Winners announced for the Space Weather Competition. Visit http://esws2020.iopconfs.org/winners for details.
Sudden ionospheric disturbance monitoring using a lightning detection network and machine learning
Mike Protts - Met Office; Edmund Henley - Met Office, United Kingdom; Andrew Horseman - Met Office, United Kingdom; Laura Dreyer - Met Office, United Kingdom; Samantha Adams - Met Office, United Kingdom; Stephen Prust - Met Office, United Kingdom; Ed Stone - Met Office, United Kingdom; Sue Twelves - Met Office, United Kingdom; Graeme Marlton - Met Office, United Kingdom; Debbie O'Sullivan - Met Office, United Kingdom
The new Met Office lightning detection system Leela measures very low frequency atmospheric electromagnetic radiation to identify lightning.
Sudden changes in received signals not caused by lightning will, in some cases, arise from solar flares triggering Sudden Ionospheric Disturbances (SIDs).
The Met Office Space Weather Operations Centre (MOSWOC) monitors space weather conditions - including solar flares, and the ionosphere - to inform users of potential impacts, e.g. on radio communication, or radars.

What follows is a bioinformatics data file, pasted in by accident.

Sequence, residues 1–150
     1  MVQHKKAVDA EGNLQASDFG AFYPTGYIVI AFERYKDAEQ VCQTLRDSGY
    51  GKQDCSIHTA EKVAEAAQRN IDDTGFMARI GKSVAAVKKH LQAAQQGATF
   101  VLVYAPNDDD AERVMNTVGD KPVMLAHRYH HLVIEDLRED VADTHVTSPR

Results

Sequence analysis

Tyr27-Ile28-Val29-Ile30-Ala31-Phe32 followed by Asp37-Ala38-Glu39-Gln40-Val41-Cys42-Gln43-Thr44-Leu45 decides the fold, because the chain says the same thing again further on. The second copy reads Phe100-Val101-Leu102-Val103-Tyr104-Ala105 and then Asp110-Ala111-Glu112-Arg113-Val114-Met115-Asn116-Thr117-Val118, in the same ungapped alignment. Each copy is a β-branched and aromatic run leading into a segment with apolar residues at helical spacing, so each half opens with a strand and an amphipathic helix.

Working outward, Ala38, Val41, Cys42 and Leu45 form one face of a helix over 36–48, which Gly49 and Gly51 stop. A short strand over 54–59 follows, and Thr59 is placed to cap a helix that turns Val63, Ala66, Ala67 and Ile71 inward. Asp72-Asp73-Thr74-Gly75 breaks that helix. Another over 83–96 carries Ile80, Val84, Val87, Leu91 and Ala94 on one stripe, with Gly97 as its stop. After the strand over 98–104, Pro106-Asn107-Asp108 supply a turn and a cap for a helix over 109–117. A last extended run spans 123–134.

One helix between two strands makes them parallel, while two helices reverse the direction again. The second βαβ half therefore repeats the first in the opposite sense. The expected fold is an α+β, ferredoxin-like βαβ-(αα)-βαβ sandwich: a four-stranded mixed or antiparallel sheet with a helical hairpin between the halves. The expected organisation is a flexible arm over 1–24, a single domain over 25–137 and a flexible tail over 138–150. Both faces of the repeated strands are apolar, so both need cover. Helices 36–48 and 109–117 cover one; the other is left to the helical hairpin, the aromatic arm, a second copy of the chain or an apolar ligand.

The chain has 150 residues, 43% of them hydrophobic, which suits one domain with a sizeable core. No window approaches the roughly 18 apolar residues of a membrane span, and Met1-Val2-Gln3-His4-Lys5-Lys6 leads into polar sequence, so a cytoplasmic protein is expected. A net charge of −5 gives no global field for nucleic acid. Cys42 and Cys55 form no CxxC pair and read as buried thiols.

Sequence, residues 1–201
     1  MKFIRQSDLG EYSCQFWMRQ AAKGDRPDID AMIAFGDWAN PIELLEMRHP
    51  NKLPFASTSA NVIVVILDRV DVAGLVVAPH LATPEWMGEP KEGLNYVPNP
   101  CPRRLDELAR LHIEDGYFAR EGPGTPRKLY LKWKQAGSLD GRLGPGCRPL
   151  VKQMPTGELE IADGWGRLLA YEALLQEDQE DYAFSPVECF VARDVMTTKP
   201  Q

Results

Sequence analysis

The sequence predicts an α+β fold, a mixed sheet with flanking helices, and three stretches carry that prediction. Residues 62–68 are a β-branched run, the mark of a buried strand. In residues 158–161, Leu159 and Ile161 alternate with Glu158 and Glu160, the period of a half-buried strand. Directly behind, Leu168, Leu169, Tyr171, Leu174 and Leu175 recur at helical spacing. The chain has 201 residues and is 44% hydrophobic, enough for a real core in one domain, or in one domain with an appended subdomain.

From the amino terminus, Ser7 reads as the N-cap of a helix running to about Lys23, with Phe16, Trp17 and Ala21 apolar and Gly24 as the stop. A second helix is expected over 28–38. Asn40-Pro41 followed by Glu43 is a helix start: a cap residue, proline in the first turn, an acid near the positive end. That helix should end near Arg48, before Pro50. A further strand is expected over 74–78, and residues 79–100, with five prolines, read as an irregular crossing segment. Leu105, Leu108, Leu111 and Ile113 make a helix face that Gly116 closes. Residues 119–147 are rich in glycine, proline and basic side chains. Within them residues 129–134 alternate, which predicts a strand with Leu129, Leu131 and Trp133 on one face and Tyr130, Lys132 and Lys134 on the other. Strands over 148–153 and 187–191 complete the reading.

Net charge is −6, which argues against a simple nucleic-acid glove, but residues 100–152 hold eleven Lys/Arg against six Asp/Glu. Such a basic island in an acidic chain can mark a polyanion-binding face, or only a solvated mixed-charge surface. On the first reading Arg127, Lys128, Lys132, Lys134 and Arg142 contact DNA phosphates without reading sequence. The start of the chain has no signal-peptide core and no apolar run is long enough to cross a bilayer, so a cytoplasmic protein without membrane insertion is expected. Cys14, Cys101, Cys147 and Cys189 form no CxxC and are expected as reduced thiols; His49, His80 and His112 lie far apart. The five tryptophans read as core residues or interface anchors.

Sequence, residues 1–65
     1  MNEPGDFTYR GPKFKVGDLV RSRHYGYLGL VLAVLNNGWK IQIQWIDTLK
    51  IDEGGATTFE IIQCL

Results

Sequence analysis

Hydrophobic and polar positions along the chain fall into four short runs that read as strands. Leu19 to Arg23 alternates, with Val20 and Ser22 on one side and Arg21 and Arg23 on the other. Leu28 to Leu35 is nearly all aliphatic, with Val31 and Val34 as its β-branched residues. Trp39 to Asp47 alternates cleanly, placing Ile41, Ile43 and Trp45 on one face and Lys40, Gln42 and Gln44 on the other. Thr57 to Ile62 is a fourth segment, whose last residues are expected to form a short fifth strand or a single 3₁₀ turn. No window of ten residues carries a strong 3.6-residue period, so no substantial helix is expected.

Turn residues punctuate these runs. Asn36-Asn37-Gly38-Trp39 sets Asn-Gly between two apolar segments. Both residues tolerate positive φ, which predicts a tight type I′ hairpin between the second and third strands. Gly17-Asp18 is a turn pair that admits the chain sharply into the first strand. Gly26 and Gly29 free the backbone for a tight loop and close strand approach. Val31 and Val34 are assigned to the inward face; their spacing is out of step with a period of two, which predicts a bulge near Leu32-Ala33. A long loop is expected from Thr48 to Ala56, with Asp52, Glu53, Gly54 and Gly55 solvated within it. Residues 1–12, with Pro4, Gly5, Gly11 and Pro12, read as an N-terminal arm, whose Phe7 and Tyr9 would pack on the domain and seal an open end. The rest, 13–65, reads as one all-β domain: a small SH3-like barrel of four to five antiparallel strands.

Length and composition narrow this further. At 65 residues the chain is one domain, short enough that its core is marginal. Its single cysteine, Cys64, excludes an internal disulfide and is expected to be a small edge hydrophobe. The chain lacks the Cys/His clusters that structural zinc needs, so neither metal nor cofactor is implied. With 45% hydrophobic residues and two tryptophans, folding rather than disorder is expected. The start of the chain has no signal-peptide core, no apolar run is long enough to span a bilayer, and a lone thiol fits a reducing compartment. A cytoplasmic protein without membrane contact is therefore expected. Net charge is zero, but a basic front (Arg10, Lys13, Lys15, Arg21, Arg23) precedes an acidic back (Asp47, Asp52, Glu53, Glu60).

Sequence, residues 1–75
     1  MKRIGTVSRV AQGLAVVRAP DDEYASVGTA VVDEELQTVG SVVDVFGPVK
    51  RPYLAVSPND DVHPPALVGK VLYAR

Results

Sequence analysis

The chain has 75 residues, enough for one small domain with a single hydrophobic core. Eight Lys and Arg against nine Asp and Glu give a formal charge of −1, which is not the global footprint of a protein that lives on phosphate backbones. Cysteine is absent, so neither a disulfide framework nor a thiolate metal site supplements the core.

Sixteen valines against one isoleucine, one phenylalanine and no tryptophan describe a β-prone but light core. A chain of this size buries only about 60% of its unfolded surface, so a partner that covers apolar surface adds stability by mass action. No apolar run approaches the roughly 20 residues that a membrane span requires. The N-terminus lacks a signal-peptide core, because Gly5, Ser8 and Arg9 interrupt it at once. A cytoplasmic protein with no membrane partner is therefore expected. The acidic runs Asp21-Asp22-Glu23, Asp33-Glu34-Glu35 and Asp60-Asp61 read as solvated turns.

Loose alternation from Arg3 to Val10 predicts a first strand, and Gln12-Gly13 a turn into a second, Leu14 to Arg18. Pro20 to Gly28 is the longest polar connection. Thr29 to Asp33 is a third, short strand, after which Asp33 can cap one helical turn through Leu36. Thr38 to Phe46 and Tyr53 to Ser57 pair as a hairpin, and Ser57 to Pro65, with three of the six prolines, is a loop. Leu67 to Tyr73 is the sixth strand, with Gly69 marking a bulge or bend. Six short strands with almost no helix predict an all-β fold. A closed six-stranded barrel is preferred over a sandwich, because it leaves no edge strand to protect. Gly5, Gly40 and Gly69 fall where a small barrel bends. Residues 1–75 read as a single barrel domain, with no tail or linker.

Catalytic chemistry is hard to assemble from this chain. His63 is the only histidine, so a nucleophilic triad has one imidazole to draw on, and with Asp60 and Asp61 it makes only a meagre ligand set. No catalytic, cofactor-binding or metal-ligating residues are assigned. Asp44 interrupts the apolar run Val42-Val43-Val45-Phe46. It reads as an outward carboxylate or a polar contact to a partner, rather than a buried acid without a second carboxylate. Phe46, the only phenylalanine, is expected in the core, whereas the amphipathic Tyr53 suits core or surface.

Forecasting solar flares and resulting ionospheric disruptions is difficult, and there is value in MOSWOC having a monitoring/nowcasting capability.
Leela is also attractive as a ground-based alternative to the GOES satellites usually used, which can saturate for very large flares.
We will present an overview of a recently-started project to use machine learning to detect anomalies in Leela data, and discriminate those associated with SIDs.
16 July 2020
Abstract submission opens:
16 July 2020
European Space Weather Medals:
6 September 2020
25 September 2020
Registration deadline: [extended]
10 October 2020
Abstract submission deadline:
4 September 2020